Akasa Afaifai: Improving Accountability in the Budget Implementation Process: A Case Study from Kano
Date: July 2022
Author(s): Y.Z. Ya’u
Publication type: Case study
Published by: Accountability Research Center
“Sandwich strategies” are interactive processes in which reformers in government take tangible measures that reduce the risks of citizen action from below, driving virtuous circles of mutual empowerment between pro-accountability actors in state and society. This case study is one of a set of 18 published here, which are among those included in comparative analyses of whether and how sandwich strategy initiatives drive institutional change.
Most state budgets are opaque—especially disbursements, which are key to inform the citizen action and oversight needed to encourage effective public investment. This case study, from Kano state in Nigeria, describes an initiative of the state governor to publish the minutes of the weekly executive council meeting, which included the planned budget release. In 2011, when Governor Rabiu Kwankwaso began these weekly publications, a local CSO supported by donor funding began broadcasting a weekly radio program. Akasa Afaifai (“Let’s clarify things openly” in Hausa) helped disseminate easily understandable information about the release.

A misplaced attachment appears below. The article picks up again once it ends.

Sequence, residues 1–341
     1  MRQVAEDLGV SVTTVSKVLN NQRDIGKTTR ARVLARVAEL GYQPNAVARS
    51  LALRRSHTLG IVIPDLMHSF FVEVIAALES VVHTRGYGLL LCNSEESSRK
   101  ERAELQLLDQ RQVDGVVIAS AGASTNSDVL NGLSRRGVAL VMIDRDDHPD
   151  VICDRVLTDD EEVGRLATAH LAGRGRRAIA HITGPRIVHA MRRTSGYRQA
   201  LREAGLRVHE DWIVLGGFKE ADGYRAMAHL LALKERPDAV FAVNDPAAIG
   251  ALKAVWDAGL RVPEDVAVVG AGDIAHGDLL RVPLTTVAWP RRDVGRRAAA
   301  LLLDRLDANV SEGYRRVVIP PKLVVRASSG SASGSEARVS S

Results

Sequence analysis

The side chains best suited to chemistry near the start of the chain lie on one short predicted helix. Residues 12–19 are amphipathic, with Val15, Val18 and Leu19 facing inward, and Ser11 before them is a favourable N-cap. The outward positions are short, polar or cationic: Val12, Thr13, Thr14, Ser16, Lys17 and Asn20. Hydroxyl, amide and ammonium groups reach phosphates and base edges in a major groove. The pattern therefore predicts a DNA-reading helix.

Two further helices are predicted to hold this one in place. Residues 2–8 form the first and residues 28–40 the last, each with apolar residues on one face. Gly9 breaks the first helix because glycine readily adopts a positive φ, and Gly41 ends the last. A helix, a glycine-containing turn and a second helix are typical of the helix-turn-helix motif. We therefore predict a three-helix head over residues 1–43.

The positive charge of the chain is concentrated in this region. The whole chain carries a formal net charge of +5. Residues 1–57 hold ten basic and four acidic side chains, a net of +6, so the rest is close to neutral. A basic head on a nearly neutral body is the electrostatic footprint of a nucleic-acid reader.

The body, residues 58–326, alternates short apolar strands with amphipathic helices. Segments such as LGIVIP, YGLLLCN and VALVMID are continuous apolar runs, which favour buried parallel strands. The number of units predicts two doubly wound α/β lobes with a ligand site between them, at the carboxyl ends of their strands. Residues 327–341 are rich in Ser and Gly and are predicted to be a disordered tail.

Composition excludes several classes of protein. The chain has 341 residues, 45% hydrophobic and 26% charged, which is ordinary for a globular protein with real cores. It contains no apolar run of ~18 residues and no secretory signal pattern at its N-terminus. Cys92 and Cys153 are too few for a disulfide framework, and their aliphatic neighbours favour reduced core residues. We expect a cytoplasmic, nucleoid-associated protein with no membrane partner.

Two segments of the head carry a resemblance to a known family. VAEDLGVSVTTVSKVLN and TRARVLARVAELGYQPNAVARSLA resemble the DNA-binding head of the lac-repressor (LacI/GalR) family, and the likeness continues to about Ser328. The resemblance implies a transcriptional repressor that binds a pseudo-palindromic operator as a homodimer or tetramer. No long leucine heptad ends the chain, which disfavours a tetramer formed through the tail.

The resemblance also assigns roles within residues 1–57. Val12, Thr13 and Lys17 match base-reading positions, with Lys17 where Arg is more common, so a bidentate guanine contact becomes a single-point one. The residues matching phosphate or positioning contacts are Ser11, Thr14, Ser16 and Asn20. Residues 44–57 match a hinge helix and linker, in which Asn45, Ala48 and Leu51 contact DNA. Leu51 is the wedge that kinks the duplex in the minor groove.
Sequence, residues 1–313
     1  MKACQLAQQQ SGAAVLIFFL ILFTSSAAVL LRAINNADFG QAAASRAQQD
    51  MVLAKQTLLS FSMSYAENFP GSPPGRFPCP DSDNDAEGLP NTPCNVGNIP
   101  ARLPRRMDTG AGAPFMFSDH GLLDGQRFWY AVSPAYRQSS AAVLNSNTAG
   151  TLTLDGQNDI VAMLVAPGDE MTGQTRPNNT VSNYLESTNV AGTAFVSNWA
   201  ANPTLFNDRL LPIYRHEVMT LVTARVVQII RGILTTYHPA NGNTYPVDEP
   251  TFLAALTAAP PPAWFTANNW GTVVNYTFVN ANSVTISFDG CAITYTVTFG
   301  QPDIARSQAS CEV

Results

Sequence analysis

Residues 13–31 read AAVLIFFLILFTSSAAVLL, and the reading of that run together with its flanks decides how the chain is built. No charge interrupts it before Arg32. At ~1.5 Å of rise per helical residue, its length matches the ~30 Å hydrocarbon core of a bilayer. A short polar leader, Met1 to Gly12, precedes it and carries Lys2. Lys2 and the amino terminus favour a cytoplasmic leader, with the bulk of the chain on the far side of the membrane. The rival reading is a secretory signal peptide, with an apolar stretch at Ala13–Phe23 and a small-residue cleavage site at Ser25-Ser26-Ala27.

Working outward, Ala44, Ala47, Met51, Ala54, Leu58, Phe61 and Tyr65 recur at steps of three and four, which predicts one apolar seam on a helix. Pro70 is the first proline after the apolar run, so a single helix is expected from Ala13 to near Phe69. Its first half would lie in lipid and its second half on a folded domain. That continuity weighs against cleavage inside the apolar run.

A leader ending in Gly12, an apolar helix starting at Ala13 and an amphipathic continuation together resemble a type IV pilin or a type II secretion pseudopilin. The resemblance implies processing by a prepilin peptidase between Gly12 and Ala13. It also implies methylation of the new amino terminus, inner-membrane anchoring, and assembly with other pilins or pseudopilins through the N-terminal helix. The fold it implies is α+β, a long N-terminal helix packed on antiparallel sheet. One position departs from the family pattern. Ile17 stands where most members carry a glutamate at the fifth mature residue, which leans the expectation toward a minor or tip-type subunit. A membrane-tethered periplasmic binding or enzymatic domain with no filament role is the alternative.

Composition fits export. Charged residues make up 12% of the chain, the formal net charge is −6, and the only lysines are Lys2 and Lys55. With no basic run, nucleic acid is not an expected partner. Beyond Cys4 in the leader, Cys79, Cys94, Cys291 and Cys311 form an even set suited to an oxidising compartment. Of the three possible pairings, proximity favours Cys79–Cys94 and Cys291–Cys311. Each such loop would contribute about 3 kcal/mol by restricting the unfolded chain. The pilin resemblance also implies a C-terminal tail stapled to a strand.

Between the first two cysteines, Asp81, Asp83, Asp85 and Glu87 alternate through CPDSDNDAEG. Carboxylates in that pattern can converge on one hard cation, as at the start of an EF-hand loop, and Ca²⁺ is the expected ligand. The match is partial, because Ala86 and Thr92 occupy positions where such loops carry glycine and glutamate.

Akasa Afaifai featured calls from citizens, as well as government representatives as guests. In several cases, citizens used information from the show to hold government accountable. In one example, citizens complained on the show about the operation of 26 vocational training institutes set up by the governor, including unclear selection criteria and admission of inappropriate candidates. In response to these complaints, the following week the special advisor to the governor came on the show and rather than denying the allegations, encouraged citizens to use reporting boxes at the local government level to share their complaints. Ultimately, assisted by a report on the issues by the local CSO running the radio program, the governor set up an investigative committee and dismissed civil servants found complicit.
Akasa Afaifai ran regularly until 2014; the public release of information about budget disbursements had ended by 2019.